E.J. Dionne, defender of all things liberal, has come to the support of the anti-liberty Independent Payment Advisory Board. From, “Unreason on Healthcare:”
Or take the health care law’s creation of the Independent Payment Advisory Board, known as IPAB. It’s a 15-member body charged with finding ways of cutting the costs of treatment under Medicare. Congress would have the final say, but through a fast-track process. Yet the ink was barely dry on Obama’s signature of the Affordable Care Act when a group of Republican senators introduced what they called the Health Care Bureaucrats Elimination Act, to get rid of IPAB.
No, Congress wouldn’t have the final say. IPAB’s is the cornerstone for a looming bureaucratic state because its power supercedes even a presidential veto. Here’s now the “fast track” system–so glibly glossed over by Dionne–works, as described in my article, “Our New Obamacare Masters:”
• By January 15 each year, the Independent Payment Advisory Board must submit a proposal to Congress and the president for reaching Medicare savings targets in the coming year. The majority leaders in the House and Senate must introduce bills incorporating the board’s proposal the day they receive it.
• Congress cannot “consider any bill, resolution, amendment, or conference report … that would repeal or otherwise change the recommendations of the board” if such changes fail to meet the board’s budgetary target.
• By April 1, the committees of jurisdiction must complete their consideration of the proposal. Any committee that fails to meet the deadline is barred from further considering the bill.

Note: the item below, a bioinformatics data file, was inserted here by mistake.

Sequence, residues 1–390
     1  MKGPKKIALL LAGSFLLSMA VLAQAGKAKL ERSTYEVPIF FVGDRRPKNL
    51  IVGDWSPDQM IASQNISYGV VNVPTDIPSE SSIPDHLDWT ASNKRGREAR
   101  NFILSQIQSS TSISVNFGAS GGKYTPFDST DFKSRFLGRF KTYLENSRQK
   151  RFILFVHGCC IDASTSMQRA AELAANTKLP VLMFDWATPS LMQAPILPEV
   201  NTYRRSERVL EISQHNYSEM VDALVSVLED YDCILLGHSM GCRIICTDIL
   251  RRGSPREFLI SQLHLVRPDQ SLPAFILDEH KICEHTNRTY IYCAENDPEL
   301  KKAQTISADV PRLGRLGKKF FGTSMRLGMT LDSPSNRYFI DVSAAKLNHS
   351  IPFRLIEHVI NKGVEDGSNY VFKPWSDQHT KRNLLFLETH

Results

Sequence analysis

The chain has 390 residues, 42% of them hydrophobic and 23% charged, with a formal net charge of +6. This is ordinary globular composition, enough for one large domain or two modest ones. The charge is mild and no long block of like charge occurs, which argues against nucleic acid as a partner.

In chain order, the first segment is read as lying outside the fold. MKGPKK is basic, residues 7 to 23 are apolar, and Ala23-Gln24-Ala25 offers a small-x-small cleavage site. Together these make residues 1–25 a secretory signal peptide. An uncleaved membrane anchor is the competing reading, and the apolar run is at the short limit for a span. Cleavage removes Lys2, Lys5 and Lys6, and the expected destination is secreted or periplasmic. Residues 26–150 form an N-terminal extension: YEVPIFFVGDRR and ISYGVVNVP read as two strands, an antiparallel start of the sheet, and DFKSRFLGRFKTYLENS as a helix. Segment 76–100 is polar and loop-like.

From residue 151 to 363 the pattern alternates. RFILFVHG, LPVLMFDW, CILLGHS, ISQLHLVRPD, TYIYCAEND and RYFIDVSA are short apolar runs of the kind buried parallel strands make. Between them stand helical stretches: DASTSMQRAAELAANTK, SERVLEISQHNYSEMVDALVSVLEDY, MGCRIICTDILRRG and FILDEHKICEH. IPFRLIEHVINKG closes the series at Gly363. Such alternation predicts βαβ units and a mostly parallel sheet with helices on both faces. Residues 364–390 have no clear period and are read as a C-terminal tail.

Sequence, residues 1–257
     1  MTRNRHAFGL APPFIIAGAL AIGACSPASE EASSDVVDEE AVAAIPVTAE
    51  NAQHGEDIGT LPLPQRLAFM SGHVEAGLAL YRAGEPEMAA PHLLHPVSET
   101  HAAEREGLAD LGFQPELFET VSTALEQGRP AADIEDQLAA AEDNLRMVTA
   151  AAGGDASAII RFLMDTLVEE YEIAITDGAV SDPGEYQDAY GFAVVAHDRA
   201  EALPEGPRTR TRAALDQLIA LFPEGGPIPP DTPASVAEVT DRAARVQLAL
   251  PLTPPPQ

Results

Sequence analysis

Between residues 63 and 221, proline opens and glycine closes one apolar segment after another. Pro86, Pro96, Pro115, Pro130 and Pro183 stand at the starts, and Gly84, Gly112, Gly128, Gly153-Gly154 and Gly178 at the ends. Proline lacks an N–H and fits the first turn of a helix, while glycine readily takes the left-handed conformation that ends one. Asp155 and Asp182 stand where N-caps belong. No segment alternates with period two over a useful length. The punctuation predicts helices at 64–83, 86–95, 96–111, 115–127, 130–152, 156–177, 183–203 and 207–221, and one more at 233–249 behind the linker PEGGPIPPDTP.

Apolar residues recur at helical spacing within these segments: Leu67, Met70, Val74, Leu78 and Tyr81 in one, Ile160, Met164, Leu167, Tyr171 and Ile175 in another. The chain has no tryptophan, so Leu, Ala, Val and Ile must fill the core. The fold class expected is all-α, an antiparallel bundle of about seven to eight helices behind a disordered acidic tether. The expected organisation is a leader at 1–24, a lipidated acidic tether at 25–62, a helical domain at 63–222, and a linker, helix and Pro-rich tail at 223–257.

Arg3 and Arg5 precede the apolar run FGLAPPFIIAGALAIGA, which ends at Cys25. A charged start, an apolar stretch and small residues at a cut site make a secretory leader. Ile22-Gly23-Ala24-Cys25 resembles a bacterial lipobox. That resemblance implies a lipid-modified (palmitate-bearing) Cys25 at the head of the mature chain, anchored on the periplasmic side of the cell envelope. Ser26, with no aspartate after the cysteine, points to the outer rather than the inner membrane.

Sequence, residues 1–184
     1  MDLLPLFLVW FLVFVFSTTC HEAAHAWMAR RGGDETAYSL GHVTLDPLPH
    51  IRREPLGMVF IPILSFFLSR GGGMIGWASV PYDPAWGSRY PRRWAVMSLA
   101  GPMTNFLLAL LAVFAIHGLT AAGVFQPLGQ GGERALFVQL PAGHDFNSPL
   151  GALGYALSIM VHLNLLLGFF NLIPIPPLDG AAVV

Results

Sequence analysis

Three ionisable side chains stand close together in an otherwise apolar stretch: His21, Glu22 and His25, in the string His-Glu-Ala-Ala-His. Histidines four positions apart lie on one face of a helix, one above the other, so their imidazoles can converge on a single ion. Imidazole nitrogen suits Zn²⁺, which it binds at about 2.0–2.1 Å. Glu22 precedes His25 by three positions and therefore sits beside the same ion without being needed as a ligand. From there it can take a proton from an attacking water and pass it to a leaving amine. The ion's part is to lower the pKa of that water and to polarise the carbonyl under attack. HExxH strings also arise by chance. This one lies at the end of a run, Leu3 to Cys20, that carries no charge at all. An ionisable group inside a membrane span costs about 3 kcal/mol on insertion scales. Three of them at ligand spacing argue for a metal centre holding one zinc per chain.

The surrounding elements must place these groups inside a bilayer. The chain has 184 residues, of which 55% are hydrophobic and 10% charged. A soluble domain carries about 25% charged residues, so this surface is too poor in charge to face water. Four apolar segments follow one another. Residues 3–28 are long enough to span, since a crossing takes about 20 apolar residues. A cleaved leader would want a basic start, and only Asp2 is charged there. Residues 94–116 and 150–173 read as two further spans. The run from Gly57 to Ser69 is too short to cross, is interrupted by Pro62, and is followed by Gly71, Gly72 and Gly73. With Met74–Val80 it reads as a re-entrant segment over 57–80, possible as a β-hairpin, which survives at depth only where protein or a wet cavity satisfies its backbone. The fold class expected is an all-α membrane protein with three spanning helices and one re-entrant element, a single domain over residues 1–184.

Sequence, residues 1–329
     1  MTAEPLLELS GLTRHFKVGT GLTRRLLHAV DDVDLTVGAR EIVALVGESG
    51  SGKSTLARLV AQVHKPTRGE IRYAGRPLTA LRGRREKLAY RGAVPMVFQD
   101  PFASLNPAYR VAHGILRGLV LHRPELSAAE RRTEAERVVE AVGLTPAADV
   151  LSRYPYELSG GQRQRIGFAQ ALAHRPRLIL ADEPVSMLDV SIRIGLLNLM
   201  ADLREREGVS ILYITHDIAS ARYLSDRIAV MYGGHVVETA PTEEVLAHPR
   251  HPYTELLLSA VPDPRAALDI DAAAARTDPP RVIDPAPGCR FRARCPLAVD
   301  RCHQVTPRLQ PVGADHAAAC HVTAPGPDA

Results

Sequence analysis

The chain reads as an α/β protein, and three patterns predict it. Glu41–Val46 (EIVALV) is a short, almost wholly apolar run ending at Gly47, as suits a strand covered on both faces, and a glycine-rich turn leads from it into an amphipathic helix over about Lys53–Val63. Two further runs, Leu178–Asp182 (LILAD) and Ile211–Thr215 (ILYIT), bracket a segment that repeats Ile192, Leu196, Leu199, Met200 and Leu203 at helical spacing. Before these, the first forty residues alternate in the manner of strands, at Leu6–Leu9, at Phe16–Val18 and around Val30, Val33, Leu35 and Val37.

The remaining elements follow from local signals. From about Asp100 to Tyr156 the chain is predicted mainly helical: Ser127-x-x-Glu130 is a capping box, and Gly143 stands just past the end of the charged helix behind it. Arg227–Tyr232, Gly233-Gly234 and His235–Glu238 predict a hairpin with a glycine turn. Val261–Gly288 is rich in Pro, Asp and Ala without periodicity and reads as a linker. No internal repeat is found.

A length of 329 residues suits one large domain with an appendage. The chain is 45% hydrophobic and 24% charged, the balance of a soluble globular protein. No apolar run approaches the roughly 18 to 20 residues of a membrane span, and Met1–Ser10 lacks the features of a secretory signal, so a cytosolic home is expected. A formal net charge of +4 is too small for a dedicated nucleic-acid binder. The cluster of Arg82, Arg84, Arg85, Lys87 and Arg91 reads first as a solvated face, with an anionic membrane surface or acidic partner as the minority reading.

• The secretary of health and human services must implement the Independent Payment Advisory Board’s proposal, as passed by Congress and signed by the president, on August 15 of the year in which the proposal is submitted.
• If Congress does not pass the proposal or a substitute plan meeting the Independent Payment Advisory Board’s financial target before August 15, or if the president vetoes the proposal passed by Congress, the original Independent Payment Advisory Board recommendations automatically take effect.
Further demonstrating the Star Chamber-like powers of the Independent Payment Advisory Board, Congress cannot consider any bill or amendment that would repeal or change this fast-track congressional consideration process without a three-fifths vote (60) in the Senate. Not only that, but the implementation of the board’s remedy is exempted from administrative or judicial review.
IPAB can’t ration care yet–the real death panel threat–but powerful voices are urging it be given that power. IPAB needs to be resisted by every legal means available until the Board is rendered truly–and merely–advisory.